I struggled to make friends when I first entered the university. I wandered around campus and introduced myself to the folks at the ultimate frisbee table. They made me feel accepted. When I attended their scrimmage, I was immersed in kindness and felt a communion with all of their wild spirits. I did not feel the need to be different or change who I was in order to be accepted. In this moment, I also realized that this is a group of people who do not judge anybody. They also played together as seven cogs in one cohesive machine, as opposed to seven individuals on a field. This type of comradery is what proved to me that this was the form of society that I needed to be a part of in order to thrive.
In an attempt to get to my goal of being in advertising faster, I joined the Public Relations Student Society of America (PRSSA). I wanted to get a head start. I learned that I have to make my own path in order to get to where I want, not expect things to just fall in my lap. If I want to make it in this field, I must learn to work together with people, for being part of a team and acting as one is an important skill to have in this work setting. Damiel’s tenacity is exactly what I need to develop in order to stay strong in the business field. Handke’s message that we are all one is what reels me back if I lose the teamwork model. My seventh-grade teacher, a man who taught me more about myself at the age of twelve than I have learned in my other eighteen years of existence, presented me with this quote: “Learning is not attained by chance; it must be sought for with ardor and attended to with diligence” (Founding Families). Abigail Adams wrote this to her son, John Quincy Adams, telling him that wandering is not the way to traverse through life. He has to be focused and know what he wants (which relates back to the three ideas for love-friends-career). Wenders takes this idea and flips it on its head, for it shows the journey of an angel, of a spirit, searching for something that transforms him. Damiel is on the hunt for love, for feeling, for something real; he is done with the business of watching and witnessing. Peter Handke’s idea that “all souls are one” influences Damiel’s decisions, for he does not let the fact that he is an angel stop him from loving a mortal and incarnating that dream.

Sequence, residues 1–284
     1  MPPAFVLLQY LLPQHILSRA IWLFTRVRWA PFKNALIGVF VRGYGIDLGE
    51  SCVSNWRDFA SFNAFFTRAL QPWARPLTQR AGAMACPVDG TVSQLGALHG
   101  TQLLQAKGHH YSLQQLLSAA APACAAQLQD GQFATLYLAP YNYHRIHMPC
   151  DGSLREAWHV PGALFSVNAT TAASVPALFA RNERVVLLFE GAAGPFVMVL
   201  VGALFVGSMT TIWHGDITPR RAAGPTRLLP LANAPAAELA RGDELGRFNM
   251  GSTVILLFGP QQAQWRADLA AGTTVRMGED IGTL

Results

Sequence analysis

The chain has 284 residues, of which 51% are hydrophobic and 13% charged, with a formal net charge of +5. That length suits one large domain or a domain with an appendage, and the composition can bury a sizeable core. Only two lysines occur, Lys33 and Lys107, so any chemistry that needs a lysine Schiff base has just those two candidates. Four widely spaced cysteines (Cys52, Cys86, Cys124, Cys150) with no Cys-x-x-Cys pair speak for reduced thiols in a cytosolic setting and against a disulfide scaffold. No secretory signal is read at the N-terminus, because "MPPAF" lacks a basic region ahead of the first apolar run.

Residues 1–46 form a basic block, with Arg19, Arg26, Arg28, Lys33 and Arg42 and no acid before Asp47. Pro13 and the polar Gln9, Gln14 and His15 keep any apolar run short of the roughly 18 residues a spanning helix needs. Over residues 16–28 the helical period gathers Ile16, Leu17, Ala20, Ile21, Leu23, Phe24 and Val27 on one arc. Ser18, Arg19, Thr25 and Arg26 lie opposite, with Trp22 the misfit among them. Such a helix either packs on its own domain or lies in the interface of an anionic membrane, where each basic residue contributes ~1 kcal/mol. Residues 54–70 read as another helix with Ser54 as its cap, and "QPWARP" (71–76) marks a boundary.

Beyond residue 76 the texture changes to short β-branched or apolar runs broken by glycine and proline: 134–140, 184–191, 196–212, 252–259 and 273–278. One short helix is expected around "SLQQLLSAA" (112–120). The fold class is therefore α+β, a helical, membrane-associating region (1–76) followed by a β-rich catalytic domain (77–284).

I am still learning to not let the preconceived notions of society weigh me down and make me feel trapped and unable to make my own choices. I have been on this journey for a long time and do not expect to stop when times get tough. Even though we are “of the same root but different flowers” (Gordon), we are soulfully one and have to remember that, under the umbrella of gender, sex, color, race, creed or religion, the sun shines equally on us all. Before college, I was in a town that was set in its old ways. After entering Hofstra University, I have been welcomed by individuals who see the world as a place to interpret thoughts and ideas for ourselves, rather than following a map that has already been written out. Perhaps it is better to deviate from those pre-written directions once in a while. I mean, what is a true adventure without getting lost a bit? While a good majority of rules should be followed, it is not up to our old stereotypes and predisposed information to determine our destinies. Instead, I am learning to figure things out for myself. I have even found joy in activities like writing and arts and crafts that I never found excitement in before college. These new experiences allow us to be unique and individualistic, but it is the same idea that we all want to be ourselves that make us all one. I am happy to report that I am going in the right direction and have Hofstra University and all of the people that I have met thus far to thank for it.
Boretsky, Monica. “Wim Wenders' Wings of Desire: A Reason to Believe,”
Enea, Kristen. Class Discussion. 18 Apr. 2018.
Farajollah, Ariana. Taking Giant Steps. "An Abused Woman's Colonization and Declaration of
Independence in Swept Away," 1 Jan. 1970,
Founding Families: Digital Editions of the Papers of the Winthrops and the Adamses, ed.C.
James Taylor. Boston: Massachusetts Historical Society, 2018.
Gordon, Paul Kirpal. Class Discussion. 18 Apr. 2018.
Orellana, Roger. Class Discussion. 18 Apr. 2018.
“The Positive Effects of Love on Mental Health.” Psychiatry Advisor, 11 Mar. 2016,
Roeg, Nicolas. Walkabout. Perf. Jenny Agutter, David Gulpilil, and Luc Roeg. Twentieth
Century Fox, 1971. Film.